CRC budget roundup

| May 10, 2018

The Government will provide $25 million of new funding over the forward estimates to the CRC Program for research and development on artificial intelligence and machine learning.

The CRC Association understands that this funding will be made available through the CRC-Project sub-program, in the same way that additional CRC-Ps for advanced manufacturing were made available last year. Some budget commentary has described the new money as “a new CRC in artificial intelligence” but we understand this is wrong; it will be new CRC-Ps.

Unfortunately, $20 million has been removed from the CRC Program to “assist with Budget repair”. CRCA is advised that none of this money comes from the coming Round 20 and the funding round and future CRC-P funding rounds will proceed as planned.

$15 million of CRC Program funds will be provided as a contribution to Antarctic research over the forward estimates. CRCA understands the CRC Program will continue to manage these funds, with the Department of Environment and Energy.

The Antarctic Climate and Ecosystems CRC completes its term on 30 June this year and the funding will enable the continued coordination of research activities that was such an important role of the ACE CRC.

The impact of the 2014 cut to the CRC Program comes off in this Budget, effectively moving the Program to a slightly higher baseline. The overall impact is that the Government commitment to the CRC Program moves from $709 million over the forward estimates to $731 million.

There are therefore mixed signals from the Government in the 2018 Budget regarding the CRC Program, and I hope they turn out to be positive.

It is great that money has been devoted to continuing work in the Antarctic. I’m particularly glad to see that the CRC Program will continue to have a management role in the allocation and management of this funding.

We know that coordination and synthesis of research is just as important as the research itself in creating an impact. I hope we see the core competencies and skills of the ACE CRC team continue to play that vital role as this research moves into a new phase.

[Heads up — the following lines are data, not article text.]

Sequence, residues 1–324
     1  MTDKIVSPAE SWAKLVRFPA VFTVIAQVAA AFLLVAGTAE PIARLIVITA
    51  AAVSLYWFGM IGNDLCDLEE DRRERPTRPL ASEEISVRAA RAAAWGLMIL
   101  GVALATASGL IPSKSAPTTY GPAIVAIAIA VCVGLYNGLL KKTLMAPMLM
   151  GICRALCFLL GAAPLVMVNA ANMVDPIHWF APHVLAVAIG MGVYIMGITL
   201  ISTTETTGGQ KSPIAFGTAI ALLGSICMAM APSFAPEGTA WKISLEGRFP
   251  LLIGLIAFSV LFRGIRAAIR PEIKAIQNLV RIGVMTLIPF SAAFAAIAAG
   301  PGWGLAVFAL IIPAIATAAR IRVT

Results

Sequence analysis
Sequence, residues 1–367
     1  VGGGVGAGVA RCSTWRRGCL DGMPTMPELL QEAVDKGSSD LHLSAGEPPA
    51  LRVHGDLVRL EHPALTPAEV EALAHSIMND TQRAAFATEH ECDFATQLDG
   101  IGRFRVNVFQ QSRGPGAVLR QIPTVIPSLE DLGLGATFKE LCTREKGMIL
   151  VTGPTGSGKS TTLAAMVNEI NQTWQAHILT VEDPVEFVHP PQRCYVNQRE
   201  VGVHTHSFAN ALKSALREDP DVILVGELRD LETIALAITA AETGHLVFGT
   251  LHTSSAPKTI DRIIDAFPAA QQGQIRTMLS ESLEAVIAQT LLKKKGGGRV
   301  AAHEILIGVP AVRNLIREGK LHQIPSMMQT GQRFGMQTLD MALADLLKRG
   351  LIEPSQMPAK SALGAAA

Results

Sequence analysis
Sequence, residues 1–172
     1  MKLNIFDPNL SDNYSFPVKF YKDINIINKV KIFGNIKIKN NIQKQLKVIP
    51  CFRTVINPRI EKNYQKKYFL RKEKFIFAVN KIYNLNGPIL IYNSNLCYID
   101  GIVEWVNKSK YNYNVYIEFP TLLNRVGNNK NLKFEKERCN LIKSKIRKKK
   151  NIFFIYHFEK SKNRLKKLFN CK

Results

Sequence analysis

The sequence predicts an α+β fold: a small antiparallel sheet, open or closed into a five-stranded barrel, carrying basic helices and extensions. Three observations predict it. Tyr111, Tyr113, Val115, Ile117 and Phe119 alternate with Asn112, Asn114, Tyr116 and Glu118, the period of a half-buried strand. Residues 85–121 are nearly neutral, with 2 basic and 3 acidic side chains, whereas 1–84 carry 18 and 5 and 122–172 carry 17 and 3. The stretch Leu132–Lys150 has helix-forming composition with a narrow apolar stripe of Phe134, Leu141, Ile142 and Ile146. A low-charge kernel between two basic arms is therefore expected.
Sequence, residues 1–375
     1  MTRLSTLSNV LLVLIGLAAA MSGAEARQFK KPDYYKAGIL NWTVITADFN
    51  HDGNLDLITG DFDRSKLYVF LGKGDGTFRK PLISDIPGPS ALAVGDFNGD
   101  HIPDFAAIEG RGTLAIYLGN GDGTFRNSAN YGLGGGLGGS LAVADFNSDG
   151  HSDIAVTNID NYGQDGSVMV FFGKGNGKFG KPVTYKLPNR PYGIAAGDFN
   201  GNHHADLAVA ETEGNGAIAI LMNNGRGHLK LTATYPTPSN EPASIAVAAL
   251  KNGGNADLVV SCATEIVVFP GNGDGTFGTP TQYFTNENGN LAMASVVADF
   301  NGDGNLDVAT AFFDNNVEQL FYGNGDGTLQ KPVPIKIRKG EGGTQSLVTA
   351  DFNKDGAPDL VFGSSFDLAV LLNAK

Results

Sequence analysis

Having said that, the allocation of money from the CRC Program to Antarctic research is clearly not in keeping with the recommendations of the Miles Review and the new rules for the Program that we understood we were working with.

The CRC Association and indeed the Chairman of the CRC Advisory Committee, have pointed to the problem for CRCs of national interest under the current rules. ACE CRC is not the only one affected; the Lowitja Institute – incorporating the CRC for Aboriginal and Torres Strait Islander Health – and the Bushfire and Natural Hazards CRC and the Autism CRC immediately come to mind as other CRCs clearly serving the national interest that will complete their CRC terms soon.

If the decision to use CRC Program funds to support Antarctic research is a reversal of the Miles Review recommendations, then it should apply to everyone. Otherwise, we will find individual lobbying efforts to support particular causes will intensify.

The competitive nature of the CRC Program developed over a quarter of a century where the Advisory Committee looks at all applications and recommends the best to the Minister could be weakened if slabs of money are allocated outside the process.

The Coalition policy was to remove Labor’s “priority public good” process, but of course the vital need for this research doesn’t go away. CRCA felt the priority public good process was imperfect, but if we are returning to a de facto priority public good process, then maybe it’s time to face up to the issue itself?

You can’t simply replace the work of these important CRCs with a series of projects in another portfolio and expect to get equivalent outcomes.

The managers of ACE CRC, Lowitja, Autism or Bushfire and Natural Hazards, and I could name many others, play far more than an administrative role. They represent the communities most affected by R&D – from inception and conduct of the research to its coordination and implementation. That’s why CRCs are successful. The people most affected are in charge.

This is a hard issue. The CRC Association absolutely understands the desire of governments to fund new areas and to focus on commercially oriented work.

Our suggestion has been to keep the program open and competitive, recognising government priorities and using the experience and smarts of the CRC Advisory Committee to determine the best outcomes.

The 2018 budget is a good practical outcome, but it does indicate the post-Miles rules need some tweaking.